The success of the PDF file format is a great example of how a product becomes a global technical standard, like the PDF has. For anyone looking to build or invest in a new technology that hopes to become a standard, I can't think of a better lesson from history. In the early 90s, the PDF was competing against several other file formats including DjVu, Envoy, and Common Ground Digital Paper.
John Warnock’s vision for the future
The initial technology came about as a side project operated inside Adobe by John Warnock, one of the company’s founders. His vision was to provide the technology that would ultimately enable the paperless office. In The Camelot Project, a paper outlining Warnock’s vision, he wrote: ‘Imagine being able to send full text and graphics documents (newspapers, magazine articles, technical manuals etc.) over electronic mail distribution networks. These documents could be viewed on any machine and any selected document could be printed locally. This capability would truly change the way information is managed.’ The initial plan was to use the file format inside Adobe, helping the company reduce its reliance on paper.
Solving an important problem: readability
In its earliest days, the PDF solved a simple but important problem: a PDF looked exactly the same everywhere, regardless of which device opened the file. This is why PDF stands for Portable Document Format. This was a big deal in a world where even issues like cross-device font recognition were a big deal. The PDF was the first file format that enabled a document to be shared electronically while retaining all elements of its original formatting. If the sender sends a PDF, he or she has full confidence that the recipient will be able to read the file. Today, this seems relatively trivial as cross-device readability for many different file formats is not a big deal. (Need a way to open your PDFs? Try our PDF Viewer.)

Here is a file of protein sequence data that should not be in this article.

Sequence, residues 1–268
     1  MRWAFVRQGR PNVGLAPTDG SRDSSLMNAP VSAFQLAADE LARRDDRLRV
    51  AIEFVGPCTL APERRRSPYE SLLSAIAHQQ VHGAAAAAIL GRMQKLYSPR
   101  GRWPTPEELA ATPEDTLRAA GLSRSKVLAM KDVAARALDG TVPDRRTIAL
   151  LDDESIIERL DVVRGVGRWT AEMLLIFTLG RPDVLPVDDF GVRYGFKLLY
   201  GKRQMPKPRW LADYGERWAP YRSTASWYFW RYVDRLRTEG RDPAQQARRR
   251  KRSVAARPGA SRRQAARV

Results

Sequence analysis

Emergence as a global technical standard
But the PDF file didn't succeed because of its technical prowess, it succeeded because of Adobe's strategic foresight. In fact, there are good arguments for why other competing file formats were technically superior to the PDF. There is also some contention as to whether the PDF was truly the first file format that retained a document’s original formatting. Either way, the PDF file didn’t succeed because of time to market or technical superiority.
The file format was publicly launched in June 1993 to limited fanfare. Acrobat (allowing users to create and modify PDFs) was priced at $695 and Adobe charged $50 for Adobe Reader. However, the company quickly realized that charging for the reader was a strategic mistake and made the product free in the same year. By distributing Adobe Reader free of charge (unlike any of its competitors), the PDF quickly gained adoption. By 1999, more than 100 million copies of Adobe Reader had been downloaded from the web, and the PDF became a global standard. Today, there are trillions of PDF files in existence, and the supporting ecosystem built around the PDF format ensures that it will remain the pre-eminent file format for viewing documents for a long time.